When New Zealand went into COVID-19 shutdown the people living on Mōtītī Island, 10km’s off the Tauranga coast, were cut off from food and generator fuel supply.

Ngāti Awa, the iwi of the 40 plus permanent Mōtītī residents, kicked into action to get supplies to their hapū on the island which is only reached by boat or small plane.

Enid Ratahi-Pryor, Chief Executive Te Tohu o Te Ora o Ngati Awa, said the island whānau could usually order online groceries but the lockdown was put in place so quickly and flights couldn’t operate.

“They were cut off and without food for a period of time. Our iwi was focused on helping whānau that were most vulnerable like kaumatua who couldn’t make it to the supermarket, single parents with children and those with chronic conditions.”

“It was important that our hapū were not forgotten or ignored and that we were aware of these hardships associated with living on the island,” she says.

Enid says the Mōtītī scenario came up because there were kaumatua on the island and Te Tohu o Te Ora o Ngati Awa worked alongside Te Runanga o Ngati Awa to get supplies together.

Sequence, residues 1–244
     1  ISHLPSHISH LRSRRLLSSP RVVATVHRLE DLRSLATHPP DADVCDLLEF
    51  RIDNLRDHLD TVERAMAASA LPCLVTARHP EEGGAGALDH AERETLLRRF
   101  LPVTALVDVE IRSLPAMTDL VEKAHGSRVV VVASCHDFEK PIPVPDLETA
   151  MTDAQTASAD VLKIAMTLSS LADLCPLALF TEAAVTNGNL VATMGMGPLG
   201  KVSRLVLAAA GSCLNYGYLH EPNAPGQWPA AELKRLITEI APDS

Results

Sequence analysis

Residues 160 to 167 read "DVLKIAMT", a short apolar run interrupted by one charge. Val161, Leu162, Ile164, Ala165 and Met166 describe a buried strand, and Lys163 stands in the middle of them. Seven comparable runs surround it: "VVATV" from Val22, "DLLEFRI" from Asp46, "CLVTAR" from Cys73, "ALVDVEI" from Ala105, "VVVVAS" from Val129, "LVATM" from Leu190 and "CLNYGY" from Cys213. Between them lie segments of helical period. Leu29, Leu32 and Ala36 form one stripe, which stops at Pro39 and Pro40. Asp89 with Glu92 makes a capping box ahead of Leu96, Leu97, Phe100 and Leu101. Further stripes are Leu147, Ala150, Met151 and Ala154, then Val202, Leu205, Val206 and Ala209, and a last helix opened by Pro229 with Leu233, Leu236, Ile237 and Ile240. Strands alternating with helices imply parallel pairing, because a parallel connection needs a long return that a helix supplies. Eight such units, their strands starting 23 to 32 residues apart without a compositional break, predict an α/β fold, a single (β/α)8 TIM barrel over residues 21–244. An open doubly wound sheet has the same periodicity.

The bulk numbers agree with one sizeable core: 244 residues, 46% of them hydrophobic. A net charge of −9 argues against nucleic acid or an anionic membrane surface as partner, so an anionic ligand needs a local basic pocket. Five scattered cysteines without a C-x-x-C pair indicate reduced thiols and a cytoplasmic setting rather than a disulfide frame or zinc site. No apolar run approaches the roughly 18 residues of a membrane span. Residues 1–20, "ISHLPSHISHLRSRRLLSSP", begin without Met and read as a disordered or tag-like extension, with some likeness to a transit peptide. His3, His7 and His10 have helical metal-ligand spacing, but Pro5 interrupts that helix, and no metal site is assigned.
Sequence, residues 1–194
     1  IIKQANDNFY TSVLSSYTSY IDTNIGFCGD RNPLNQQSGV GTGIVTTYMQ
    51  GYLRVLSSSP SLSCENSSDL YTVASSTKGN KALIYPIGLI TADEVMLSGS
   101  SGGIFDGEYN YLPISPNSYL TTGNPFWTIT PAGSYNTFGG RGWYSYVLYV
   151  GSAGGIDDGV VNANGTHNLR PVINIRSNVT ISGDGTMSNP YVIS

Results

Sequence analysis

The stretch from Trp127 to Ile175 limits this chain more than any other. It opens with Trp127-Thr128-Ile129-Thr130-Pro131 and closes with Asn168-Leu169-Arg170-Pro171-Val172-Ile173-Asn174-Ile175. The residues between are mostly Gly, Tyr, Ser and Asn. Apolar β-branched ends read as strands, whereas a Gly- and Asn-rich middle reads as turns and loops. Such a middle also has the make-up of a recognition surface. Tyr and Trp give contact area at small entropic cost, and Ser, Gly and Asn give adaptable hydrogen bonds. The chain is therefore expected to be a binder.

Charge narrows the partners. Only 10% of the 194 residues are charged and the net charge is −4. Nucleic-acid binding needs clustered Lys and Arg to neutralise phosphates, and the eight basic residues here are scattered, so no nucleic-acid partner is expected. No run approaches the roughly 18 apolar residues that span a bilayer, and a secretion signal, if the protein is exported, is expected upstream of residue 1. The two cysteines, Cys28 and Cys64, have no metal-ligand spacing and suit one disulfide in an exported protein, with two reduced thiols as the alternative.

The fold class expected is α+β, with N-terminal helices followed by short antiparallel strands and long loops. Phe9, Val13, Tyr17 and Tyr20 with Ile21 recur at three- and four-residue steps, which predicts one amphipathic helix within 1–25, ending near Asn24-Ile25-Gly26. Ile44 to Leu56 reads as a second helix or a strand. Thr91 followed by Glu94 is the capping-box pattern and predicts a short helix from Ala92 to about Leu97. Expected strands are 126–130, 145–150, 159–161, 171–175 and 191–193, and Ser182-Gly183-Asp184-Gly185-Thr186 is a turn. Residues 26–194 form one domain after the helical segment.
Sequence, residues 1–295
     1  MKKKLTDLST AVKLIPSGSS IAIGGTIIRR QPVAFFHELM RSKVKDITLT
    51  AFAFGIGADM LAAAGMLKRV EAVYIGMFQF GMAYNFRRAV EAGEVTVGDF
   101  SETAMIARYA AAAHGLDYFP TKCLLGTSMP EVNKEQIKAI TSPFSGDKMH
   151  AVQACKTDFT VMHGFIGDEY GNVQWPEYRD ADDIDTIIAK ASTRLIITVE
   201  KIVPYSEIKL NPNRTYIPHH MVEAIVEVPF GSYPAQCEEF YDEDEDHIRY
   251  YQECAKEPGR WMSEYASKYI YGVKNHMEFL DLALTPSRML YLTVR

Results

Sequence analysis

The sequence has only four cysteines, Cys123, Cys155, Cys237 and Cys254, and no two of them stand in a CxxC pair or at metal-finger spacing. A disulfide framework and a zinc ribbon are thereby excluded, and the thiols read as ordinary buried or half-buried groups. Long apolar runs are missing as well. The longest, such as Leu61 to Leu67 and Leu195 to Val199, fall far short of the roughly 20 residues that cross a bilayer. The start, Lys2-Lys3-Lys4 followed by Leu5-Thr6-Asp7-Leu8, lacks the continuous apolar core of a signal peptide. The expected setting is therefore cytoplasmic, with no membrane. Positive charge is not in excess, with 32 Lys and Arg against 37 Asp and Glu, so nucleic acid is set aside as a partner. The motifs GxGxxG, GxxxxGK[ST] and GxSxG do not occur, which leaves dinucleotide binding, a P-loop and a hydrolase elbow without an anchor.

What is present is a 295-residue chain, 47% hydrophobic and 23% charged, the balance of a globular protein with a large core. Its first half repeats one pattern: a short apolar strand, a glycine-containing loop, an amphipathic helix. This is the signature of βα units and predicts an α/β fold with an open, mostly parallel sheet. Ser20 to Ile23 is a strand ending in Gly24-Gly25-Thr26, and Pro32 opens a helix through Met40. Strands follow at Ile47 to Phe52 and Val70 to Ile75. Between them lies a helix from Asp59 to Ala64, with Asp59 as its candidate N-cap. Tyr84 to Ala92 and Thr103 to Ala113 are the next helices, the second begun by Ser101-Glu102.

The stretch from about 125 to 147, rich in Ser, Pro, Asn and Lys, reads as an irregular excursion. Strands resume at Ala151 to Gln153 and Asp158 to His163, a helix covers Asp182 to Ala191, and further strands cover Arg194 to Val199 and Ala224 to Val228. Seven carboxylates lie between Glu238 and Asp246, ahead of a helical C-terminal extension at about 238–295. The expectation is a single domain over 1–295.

Motiti Island

The response was supported by Te Puni Kōkiri funding to support Māori communities during COVID-19 which was distributed through the regions. This approach recognised Māori entities could help whānau that needed it most using established local connections.

Ngāti Awa had to navigate a number of issues to get the food together in the national state of emergency climate. They also needed to supply diesel to run the two off-the-grid marae on the island as all houses are without electricity and run by generators.

“We needed to bulk order but there was some confusion around what was possible and there was a multitude of issues to make sure our staff were safe during the process. We had to negotiate directly with supermarkets to get around the restrictions of only 2 loaves of bread per customer as we needed 400 individual items,” Enid says

She says they put together 14 kaumatua packs and another bulk food package for the wider whānau, all distributed through the Mōtītī marae.

“We had fresh meat from Ngāti Awa farm along with veges, fruit, flour, sugar and other goods to meet the needs of our island whānau.”

The iwi had to charter two planes to the island and there was about a five day period to get the food packages and diesel together and to Tauranga airport from Whakatane.

Whānau from Motītī island poured in their gratitude on a Facebook post about the food supplies arriving.

“Enid and her team, have been working long and hard hours alongside Te Runanga o Ngati Awa on a response that is meaningful and valued for and by our iwi,” Puti Koopu wrote.

“Tu meke Ngati Awa, thank you for making sure ngā pakeke o Mōtītī are not forgotten or stranded,” Ngaro Wikeepa said.